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A New Hope: Oral Slow-Release Compound Protects Mice From Neurodegenerative Damage

BrightFocus-Funded Researchers Discover New Drug that Helps Both Alzheimer’s and Huntington’s Diseases

June 6, 2011

A breakthrough discovery that could bring hope to millions with Alzheimer's and Huntington's diseases was published on June 3 in a special early online edition of the preeminent journal, Cell.

A new slow-release oral drug given to mice engineered to show features of Alzheimer's disease prevents spatial memory deficits, anxiety-related behavior and the loss of “synapses”—the nerve communication centers critical for brain cell survival, signaling, and memory. The study was supported by a BrightFocus Foundation research fellowship grant to Dr. Daniel Zwilling.

The new drug, called JM6, ultimately results in changes to the amount of break down products of an amino acid, called tryptophan. Problems with tryptophan processing have been linked to many serious diseases. More specifically, JM6 is converted by the gut to a form that, through a chain of reactions, increases the brain levels of a protective chemical called kynurenic acid. The effect of this new drug is exciting because people with Huntington's and Alzheimer's diseases have lower than normal amounts of kynurenic acid in their brains.

There is hope that since JM6 protects mice from neurodegenerative damage, it could be used as a treatment for humans. Drs. Muchowski, Zwilling and collaborators are preparing for Phase I clinical trials. They may first test the safety and toxicity of JM6 in people with Huntington's disease as early as 2013.

Original publication is in the journal Cell: http://www.cell.com/fulltext/S0092-8674(11)00581-2

For more information, see the press release below.

 A study in a special early online publication of Cell, a Cell Press publication, reveals a promising new slow-release compound that protects mice against the neurodegenerative effects of both Huntington's and Alzheimer's disease. The 'prodrug' known only as JM6 works through a pathway involved in the breakdown of the amino acid tryptophan.

Surprisingly, JM6 delivers those benefits even though it doesn't cross the blood-brain barrier and therefore cannot act directly on the brain.

"Most would have assumed that the drug would have to enter the brain to have an effect," said Paul Muchowski of the University of California, San Francisco. He says the new study may therefore pave the way to new strategies for the treatment of brain diseases more broadly.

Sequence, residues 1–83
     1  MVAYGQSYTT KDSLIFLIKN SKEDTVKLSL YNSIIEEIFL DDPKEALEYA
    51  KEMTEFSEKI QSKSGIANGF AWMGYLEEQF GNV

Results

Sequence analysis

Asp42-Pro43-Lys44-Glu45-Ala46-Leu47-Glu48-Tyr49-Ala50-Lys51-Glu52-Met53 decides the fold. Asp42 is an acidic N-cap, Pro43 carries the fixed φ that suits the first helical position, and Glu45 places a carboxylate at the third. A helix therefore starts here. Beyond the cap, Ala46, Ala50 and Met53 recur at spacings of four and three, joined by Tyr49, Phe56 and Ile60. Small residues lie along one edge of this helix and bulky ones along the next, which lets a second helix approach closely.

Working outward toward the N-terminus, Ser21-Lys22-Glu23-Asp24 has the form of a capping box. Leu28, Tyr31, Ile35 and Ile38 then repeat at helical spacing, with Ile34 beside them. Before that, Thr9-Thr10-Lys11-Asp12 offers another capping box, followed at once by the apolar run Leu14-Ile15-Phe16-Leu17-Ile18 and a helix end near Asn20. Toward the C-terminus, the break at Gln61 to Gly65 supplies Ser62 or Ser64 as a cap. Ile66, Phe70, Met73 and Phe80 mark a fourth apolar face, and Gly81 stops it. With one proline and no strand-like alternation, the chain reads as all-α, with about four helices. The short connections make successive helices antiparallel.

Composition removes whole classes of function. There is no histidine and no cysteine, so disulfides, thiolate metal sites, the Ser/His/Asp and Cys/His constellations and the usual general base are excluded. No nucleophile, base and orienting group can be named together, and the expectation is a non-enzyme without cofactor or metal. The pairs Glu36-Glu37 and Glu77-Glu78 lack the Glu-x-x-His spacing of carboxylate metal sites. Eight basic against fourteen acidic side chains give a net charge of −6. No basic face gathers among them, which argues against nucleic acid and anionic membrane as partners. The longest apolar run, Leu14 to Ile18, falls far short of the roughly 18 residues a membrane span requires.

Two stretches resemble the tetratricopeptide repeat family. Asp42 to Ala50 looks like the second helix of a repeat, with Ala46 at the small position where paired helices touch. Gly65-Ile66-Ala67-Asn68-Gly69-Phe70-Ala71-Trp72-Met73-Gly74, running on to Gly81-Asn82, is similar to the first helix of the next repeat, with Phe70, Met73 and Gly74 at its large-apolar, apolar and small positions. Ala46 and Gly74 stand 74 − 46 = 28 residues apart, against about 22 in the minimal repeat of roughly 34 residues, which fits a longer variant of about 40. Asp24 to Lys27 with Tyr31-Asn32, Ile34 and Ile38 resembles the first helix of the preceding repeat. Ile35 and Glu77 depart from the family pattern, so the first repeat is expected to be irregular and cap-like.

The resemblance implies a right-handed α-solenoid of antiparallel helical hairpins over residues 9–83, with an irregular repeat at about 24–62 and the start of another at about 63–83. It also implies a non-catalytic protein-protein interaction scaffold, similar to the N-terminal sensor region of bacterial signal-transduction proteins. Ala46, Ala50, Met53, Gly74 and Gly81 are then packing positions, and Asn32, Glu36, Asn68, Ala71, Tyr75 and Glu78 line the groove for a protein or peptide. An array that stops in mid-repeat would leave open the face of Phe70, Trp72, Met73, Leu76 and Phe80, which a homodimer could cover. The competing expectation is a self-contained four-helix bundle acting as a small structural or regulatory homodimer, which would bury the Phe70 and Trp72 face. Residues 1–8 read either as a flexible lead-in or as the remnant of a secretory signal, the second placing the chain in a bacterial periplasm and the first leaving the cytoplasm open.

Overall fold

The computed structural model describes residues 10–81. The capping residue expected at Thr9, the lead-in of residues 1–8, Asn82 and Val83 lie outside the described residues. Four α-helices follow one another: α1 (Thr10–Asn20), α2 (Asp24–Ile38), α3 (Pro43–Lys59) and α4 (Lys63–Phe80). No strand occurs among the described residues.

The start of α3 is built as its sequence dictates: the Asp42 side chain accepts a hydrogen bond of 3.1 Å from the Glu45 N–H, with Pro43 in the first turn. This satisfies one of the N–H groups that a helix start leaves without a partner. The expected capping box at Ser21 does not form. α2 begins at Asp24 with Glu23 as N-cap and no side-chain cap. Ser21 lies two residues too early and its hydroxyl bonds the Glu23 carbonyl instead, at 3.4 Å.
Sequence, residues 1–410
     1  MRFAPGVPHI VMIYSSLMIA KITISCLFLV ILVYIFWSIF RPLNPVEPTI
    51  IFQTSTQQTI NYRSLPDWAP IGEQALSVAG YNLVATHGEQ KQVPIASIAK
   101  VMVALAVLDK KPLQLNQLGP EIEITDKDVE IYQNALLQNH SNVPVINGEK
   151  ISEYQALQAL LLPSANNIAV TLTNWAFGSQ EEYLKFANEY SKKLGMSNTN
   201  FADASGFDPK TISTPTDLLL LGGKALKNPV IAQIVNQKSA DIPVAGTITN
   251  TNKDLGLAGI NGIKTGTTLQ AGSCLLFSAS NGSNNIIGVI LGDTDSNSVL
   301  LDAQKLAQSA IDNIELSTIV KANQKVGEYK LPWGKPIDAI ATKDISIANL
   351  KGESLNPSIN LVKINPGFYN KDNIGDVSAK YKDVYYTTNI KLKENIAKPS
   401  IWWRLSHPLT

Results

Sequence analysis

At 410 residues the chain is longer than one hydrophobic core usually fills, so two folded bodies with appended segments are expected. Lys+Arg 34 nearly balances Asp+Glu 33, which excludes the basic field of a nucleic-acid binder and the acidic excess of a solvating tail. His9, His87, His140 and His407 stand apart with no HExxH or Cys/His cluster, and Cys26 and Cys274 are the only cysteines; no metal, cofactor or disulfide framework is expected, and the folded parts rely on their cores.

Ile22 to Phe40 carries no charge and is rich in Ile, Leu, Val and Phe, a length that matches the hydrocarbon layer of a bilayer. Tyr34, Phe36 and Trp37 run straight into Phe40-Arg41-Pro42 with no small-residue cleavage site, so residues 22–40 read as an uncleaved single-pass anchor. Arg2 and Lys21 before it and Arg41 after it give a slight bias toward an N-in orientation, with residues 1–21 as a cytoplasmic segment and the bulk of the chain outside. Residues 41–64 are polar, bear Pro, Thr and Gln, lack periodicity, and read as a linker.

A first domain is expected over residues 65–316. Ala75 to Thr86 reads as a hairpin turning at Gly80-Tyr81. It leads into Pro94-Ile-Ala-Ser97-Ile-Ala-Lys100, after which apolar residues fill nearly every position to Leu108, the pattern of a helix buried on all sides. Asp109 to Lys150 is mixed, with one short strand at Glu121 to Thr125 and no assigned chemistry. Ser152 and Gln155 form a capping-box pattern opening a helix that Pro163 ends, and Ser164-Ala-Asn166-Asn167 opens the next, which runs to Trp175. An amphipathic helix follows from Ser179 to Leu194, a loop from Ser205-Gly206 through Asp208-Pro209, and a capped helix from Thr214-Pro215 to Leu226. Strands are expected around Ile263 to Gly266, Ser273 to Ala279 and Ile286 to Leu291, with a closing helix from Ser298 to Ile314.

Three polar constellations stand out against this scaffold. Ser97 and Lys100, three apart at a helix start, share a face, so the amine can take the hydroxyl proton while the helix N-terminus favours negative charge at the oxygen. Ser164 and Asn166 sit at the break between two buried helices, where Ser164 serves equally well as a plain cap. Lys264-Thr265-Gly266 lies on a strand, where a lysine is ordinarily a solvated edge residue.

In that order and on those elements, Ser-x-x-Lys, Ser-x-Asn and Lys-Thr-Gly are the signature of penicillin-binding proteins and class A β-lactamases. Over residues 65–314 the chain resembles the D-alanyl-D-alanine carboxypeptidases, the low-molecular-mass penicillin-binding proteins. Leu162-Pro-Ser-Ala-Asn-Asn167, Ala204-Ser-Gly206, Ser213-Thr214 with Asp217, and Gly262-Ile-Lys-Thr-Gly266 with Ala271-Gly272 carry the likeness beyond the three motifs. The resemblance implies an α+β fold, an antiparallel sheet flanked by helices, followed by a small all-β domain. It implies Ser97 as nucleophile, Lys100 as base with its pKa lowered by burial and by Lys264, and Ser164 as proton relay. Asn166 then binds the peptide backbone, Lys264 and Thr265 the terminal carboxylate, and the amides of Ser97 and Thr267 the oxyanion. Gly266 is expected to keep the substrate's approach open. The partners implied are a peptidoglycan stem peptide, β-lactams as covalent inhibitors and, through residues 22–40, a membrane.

The kynurenine pathway is a major route of tryptophan breakdown. Scientists had suspected the pathway to play a role in neurodegeneration since the late 1970s, Muchowski said. Metabolites of the pathway can lead to excessive stimulation of neurons, causing damage and even death of the cells.

They first treated mice with Huntington's disease with JM6 that normally would have died by the time they were 15 weeks old, lived about 40 percent longer than they otherwise would have, Muchowski said. Their motor coordination improved and they were protected against the loss of the synapses that serve as critical junctions in the neural circuitry.

In a transgenic mouse model of Alzheimer's disease, JM6 prevented spatial memory deficits, anxiety-related behavior, and the loss of synapses. "JM6 helped the animals remember," Muchowski said.

Alzheimer's mice also become uninhibited and will run right out of the safety of the dark and into open spaces, a risky habit in the real world where predators lurk. "JM6 completely rescued that deficit."

Muchowski says the preservation of synapses they observed is especially key. That's because it's known that memory loss in Alzheimer's correlates more closely with the loss of synapses than with the loss of neurons.

Muchowski said they do plan to test the drug's use in humans through clinical trials. Since JM6 is a new compound, they will have to start with trials designed to test the safety and toxicity of the drug. He expects the first trials could be underway in about two year's time in patients with Huntington's disease.

"One way or another, we will move forward," he said.

Adapted from Cell Press

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